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Wednesday, June 30, 2010

Wordless Wednesday -- Gritty Jane

If you do any surfing for art dolls or any type of painting, you will no doubt come across Gritty Jane.  She has online doll making classes and is a very talented painter.  She has videos on YouTube where you get to watch her at work.  I love the texture and the subject matter in her painting, but I really love her art dolls.  I hope you do too.  Check out her site at grittyjane or at Gritty Jane

Here is just a peek at some of her work:




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Tuesday, June 29, 2010

Tuesday Tutorial -- T-shirt rug

Everyone today is always talking about Green-this, or Green-that.  When I was growing up it was just repurposing out of necessity.   So, to show that I understand about greening and being frugal, here is a great tutorial about turning old t-shirts into rugs.  How recycled can you get?

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How to Crochet a Rug out of T-Shirts



Its easy to crochet a rag rug made from strips from old T-shirts.
This is all youll need to make your own upcycled rag rug.
Begin cutting at the bottom hem of the shirt. I cut this part half as wide since its two layers.
Its easy to crochet a rag rug made from strips from old T-shirts. It's easy to crochet a rag rug made from strips from old T-shirts.

It gives me a thrill to make something new, that's useful and beautiful, out of something old and unwanted. Oversized, corporate logo-ed T-shirts are a plentiful resource at your local thrift store or maybe even in your own closet. One of my favorite uses for them is to cut them into strips and crochet them into rugs, like your grandmother's old braided rag rugs but much easier to make!

You will need:
  • T-shirts (anywhere from two on up, depending on size rug desired), the bigger the better
  • Scissors
  • Giant crochet hook (I used 15 mm)


This is all you'll need to make your own upcycled rag rug.

1. Cut the shirts into strips, approximately 1 inch wide. Starting at the bottom, cut in a spiral all the way up the body of the tee, and roll the strip into a ball. Stretch it out as you wind so that the jersey curls up into a cord.


Begin cutting at the bottom hem of the shirt. I cut this part half as wide since it's two layers.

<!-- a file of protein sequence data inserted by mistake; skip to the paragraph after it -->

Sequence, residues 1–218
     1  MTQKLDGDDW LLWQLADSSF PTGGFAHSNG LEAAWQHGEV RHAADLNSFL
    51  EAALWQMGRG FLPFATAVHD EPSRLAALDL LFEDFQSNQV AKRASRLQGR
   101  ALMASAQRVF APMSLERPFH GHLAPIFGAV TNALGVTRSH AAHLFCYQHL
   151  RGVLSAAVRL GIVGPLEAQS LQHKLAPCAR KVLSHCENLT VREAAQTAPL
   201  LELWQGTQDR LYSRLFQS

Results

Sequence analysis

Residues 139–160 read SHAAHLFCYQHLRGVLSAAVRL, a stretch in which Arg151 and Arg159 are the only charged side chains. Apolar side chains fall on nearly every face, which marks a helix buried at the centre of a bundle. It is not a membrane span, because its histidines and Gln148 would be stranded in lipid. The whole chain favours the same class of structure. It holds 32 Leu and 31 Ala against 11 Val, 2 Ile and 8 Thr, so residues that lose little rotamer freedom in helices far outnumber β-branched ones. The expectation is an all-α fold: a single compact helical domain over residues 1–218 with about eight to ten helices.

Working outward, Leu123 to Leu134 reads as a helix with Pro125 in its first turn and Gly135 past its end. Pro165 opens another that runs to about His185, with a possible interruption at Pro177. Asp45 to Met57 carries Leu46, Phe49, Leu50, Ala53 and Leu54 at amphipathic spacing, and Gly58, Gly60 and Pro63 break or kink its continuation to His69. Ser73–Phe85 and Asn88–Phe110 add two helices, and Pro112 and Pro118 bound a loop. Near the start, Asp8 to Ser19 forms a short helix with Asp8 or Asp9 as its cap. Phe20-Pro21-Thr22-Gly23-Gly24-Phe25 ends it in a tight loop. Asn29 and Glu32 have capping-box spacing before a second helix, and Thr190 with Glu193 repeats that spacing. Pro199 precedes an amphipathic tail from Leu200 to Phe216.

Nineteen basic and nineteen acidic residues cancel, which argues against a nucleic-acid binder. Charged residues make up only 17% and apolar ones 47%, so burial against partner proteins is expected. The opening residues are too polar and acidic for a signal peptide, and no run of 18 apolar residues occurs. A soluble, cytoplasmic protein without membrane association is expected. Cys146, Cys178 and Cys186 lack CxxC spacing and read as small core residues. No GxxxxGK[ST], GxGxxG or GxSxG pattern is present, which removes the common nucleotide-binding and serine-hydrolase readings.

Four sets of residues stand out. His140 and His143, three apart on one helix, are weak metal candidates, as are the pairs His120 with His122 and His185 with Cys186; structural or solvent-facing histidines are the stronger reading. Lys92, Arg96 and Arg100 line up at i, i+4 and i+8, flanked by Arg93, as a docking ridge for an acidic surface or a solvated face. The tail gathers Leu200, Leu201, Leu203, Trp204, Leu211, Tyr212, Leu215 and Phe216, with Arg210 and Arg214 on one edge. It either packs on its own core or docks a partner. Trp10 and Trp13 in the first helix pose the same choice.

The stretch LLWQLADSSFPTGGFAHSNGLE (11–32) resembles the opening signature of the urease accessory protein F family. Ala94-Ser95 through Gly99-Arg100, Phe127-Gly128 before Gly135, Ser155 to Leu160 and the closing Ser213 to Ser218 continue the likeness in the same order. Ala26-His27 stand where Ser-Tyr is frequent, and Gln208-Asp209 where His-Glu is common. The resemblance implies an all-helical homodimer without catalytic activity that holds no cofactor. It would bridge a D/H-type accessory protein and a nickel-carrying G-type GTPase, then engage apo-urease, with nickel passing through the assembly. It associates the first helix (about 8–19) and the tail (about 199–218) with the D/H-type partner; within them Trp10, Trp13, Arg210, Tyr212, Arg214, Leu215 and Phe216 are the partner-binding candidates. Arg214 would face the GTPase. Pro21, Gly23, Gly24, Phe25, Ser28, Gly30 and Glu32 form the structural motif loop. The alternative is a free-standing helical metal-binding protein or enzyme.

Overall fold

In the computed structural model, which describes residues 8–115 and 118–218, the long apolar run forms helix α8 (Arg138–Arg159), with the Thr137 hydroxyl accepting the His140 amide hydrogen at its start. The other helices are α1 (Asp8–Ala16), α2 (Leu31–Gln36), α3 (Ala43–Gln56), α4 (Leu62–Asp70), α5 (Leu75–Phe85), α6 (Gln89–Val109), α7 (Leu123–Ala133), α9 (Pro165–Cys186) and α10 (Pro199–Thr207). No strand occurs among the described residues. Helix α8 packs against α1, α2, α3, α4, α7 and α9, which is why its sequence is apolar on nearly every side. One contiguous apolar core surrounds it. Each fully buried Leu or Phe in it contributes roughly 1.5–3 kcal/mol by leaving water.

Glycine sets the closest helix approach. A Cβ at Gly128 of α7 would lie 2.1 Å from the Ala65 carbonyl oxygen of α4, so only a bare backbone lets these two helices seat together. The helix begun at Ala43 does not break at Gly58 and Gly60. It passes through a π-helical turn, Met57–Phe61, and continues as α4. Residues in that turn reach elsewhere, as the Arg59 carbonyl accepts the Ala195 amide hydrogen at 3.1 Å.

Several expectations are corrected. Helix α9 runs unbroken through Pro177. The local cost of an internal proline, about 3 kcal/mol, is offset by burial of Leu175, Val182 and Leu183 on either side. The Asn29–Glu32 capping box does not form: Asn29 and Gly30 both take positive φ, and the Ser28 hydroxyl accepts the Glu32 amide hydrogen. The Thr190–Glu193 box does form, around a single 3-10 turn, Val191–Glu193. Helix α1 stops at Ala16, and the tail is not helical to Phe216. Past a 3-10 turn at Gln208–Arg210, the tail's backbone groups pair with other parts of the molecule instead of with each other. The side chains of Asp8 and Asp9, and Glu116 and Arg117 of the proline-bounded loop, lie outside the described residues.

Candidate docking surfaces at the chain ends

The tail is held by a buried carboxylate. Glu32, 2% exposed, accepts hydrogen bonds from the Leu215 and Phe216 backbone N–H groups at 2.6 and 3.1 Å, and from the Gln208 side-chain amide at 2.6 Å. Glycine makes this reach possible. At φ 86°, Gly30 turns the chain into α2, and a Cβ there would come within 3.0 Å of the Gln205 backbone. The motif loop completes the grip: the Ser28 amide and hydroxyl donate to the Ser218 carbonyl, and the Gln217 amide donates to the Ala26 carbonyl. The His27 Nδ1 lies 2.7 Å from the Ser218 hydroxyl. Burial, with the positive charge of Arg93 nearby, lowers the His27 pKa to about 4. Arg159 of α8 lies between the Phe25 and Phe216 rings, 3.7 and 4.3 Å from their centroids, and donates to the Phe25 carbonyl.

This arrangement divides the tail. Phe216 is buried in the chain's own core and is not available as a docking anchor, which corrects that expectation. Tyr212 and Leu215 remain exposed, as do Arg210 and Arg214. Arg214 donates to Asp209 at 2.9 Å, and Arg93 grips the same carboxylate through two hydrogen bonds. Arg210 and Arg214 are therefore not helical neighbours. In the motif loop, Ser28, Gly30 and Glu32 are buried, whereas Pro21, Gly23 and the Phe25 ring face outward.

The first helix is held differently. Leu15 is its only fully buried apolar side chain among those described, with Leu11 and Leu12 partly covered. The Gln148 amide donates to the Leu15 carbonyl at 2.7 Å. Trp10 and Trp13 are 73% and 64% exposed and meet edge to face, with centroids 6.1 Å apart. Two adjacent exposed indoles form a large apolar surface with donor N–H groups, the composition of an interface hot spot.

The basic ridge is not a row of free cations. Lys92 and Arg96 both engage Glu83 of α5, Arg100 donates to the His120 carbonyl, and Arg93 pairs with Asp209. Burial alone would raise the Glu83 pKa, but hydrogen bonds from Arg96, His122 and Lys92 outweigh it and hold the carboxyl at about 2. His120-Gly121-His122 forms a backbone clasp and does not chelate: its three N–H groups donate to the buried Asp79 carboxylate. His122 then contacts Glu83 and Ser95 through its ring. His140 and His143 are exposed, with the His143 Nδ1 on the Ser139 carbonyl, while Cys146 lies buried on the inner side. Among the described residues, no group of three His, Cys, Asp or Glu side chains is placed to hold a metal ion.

Wind the strip into a ball as you cut.

When you reach the armpits, cut right across the seams until you reach the edge of the sleeves and can't cut continuously anymore. I also cut part of my long strip into some shorter ones so that I can play with the colors.


You can work with long strips, wound into balls, as well as short strips, which will be prejoined for quick color changes.

2. Join the strips. If you're working with long strips wound into balls, you can just overlap the two ends for a few inches when you're ready to join on a new strip or to change colors. But if you want to join lots of short strips for quick color changes, you'll want to join them first so you don't have to keep stopping. Here's how I do it: Cut a small slit in the ends of the two strips you want to join, about 1/2 inch from the end and about 1/4 inch wide.

Go here to finish the tutorial and please leave a comment if you try this out.

Thursday, June 24, 2010

Thursday--Spa Day

Here's a really good and quick recipe to make your own lip balm.  This is something I use all the time and I know you will too.  I especially like the suggestion that you could make a non-color, non-scented balm to use on your cuticles.  I am off to try that.  Please click on the title link to visit the site this originated on.  Leave a message if you try this and like it.
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How to: Create your own lip balm recipe.

A couple of years ago I saw a great lip balm tutorial at Not Martha. I was very inspired by it and decided to create my own recipe. It was a little difficult finding information about what works best. After a lot of research, I compiled a list of what to do.

The Basics:

For a firm lip balm that can be used in a tube or tub, you will need a ratio of about 2:4 solids to liquids. Solids meaning wax & butters, liquids meaning oils. If you find your final product too thick, add more oils. If it is too thin, add more solids.


For solids, I use bee’s wax & mango butter. Other solids are also available.


For liquids, I use sweet almond oil, olive oil, castor oil, and avocado oil. Other types of liquids are available.

Put all of your ingredients in a double boiler and let them melt. Make sure to stir the mixture. Add essential oils just before you are ready to fill your tubes or tubs. This way they will not have a chance to evaporate.